Paris Bennett was the right one to be voted out, the weakest of the five: Adorable, yes, and very talented, but after all, she's a kid – just 17 years old – and she no longer was holding her own with the others.
Idol fatigue, perhaps? Her performances had been sagging some, losing confidence. She sure didn't have the judges on her side – and Paula's comment that she was better singing older material didn't bode well, either.
The final four break down into two camps, the strong and, well, the less strong. Into the first camp go Katharine McPhee and Chris Daughtry, who both have stage presence, better-than-conventional good looks and smooth control of their vocals – isn't that what Simon Cowell calls "the whole package"?
In the second camp we find packages missing an item or two: Taylor Hicks, who from time to time delivers a socko blues-and-soul performance but often looks as if he were stamping out a pile of burning leaves, and Elliott Yamin, who, like Paris, seems more comfortable somewhere in the past. He'll probably go next, and Paula's eyes will well up and the tears will drip down with slow lachrymose poetry into Simon's Coke cup. Tuesday Night's Show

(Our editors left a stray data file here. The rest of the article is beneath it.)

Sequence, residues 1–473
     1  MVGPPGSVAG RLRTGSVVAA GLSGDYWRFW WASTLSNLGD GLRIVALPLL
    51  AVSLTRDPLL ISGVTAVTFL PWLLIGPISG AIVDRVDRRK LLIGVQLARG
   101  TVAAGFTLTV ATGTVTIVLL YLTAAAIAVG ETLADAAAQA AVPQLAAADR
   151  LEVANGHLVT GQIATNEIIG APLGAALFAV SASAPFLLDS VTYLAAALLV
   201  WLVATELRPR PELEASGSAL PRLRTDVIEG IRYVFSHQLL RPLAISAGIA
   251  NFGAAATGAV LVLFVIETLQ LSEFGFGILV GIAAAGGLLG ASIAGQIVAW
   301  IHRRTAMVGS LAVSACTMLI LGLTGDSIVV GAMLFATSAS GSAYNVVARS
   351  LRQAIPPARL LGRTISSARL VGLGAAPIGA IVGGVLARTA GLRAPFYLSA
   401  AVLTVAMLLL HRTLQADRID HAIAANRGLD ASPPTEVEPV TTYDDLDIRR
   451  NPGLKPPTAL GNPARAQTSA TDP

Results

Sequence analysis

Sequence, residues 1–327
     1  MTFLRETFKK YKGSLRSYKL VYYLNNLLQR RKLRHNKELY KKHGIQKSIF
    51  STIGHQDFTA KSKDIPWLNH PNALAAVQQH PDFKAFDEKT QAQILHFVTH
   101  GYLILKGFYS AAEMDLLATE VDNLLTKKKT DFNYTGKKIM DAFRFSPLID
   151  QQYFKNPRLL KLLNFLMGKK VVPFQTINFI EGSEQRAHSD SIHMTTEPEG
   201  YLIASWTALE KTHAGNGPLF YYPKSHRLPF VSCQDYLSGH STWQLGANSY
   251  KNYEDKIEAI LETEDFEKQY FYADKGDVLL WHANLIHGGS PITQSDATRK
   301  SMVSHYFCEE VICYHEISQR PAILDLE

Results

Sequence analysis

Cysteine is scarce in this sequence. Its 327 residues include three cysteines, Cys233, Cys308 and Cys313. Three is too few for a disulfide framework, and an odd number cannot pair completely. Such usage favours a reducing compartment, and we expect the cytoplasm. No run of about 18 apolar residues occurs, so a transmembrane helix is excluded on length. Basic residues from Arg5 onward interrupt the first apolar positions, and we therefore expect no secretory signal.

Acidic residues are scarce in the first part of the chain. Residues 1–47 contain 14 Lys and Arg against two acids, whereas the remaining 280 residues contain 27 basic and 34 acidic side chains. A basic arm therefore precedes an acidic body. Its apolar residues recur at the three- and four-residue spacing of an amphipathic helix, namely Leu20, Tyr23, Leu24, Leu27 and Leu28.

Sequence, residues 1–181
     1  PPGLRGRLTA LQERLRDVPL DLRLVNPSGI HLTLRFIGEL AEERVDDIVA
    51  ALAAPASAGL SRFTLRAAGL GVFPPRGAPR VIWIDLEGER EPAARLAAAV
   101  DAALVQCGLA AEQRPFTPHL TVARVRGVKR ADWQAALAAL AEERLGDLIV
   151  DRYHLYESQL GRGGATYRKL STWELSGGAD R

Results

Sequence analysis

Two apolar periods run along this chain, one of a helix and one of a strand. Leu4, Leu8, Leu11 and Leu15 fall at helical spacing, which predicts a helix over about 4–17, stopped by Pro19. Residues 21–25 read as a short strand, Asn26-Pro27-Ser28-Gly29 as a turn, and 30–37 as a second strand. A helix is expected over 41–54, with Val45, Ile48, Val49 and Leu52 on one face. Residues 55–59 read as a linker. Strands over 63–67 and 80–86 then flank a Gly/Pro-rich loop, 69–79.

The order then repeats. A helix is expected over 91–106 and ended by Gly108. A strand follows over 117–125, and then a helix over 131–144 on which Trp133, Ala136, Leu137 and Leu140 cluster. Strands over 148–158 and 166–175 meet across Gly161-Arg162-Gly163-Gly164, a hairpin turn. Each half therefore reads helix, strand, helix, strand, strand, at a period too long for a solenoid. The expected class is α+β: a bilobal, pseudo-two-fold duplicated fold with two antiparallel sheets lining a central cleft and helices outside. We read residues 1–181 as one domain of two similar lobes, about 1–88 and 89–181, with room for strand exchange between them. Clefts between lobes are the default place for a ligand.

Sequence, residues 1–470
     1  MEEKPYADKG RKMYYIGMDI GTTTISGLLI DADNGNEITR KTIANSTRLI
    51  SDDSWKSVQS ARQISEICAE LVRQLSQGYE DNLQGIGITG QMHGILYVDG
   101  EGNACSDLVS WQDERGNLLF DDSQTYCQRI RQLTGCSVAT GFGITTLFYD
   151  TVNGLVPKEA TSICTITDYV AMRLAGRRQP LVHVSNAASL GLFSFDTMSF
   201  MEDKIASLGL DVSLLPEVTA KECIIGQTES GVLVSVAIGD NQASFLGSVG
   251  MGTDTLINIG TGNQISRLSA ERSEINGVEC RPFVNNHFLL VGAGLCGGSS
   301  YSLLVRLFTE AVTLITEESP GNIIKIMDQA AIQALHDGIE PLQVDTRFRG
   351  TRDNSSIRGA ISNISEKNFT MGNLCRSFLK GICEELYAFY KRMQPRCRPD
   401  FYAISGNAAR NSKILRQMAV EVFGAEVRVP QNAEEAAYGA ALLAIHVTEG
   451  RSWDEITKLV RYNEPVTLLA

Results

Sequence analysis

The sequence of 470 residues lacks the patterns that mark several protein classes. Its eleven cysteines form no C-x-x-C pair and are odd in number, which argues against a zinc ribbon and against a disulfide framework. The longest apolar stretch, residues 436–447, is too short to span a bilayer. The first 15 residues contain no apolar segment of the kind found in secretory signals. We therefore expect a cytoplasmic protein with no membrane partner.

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For the bottom half of the program, the five finalists had to sort through Billboard's numerous top-10 lists and pick a song. Taylor came across something called a top pop catalog, and on this chart was the Beatles' "Something," a fool-proof ballad that would probably sound good performed by William Shatner stepping on dead crickets. Taylor crooned and howled his way through it, sometimes sounding like Kenny Rogers and sometimes sounding like Joe Cocker, but in the end it sounded like Taylor Hicks. Better yet, the song was a major comeback: In the first half of the show, in which the contestants sang hits from the year they were born, Taylor's performance of 1978's "Play That Funky Music" was awful, unfocused and undisciplined.
Chris Daughtry killed with a yowling, rock-operatic version of Styx's "Renegade" (1979). Then, like a rock god drunk on fans' blood, he went way overboard with Shinedown's "I Dare You." He dared us, all right – to listen to him: His voice went all raw and raggedy. Mucho unpleasant.
Ray Mickshaw / FOX
I thought the judges were unfairly cool to Paris Bennett's take on Prince's "Kiss," (1988) and overly receptive to her cover of Mary J. Blige's "Be Without You." Basically it seemed like the same performance both times. I didn't get the sense either would be enough to save her from voters' previous indifference and slipping, at last, to the very, very bottom.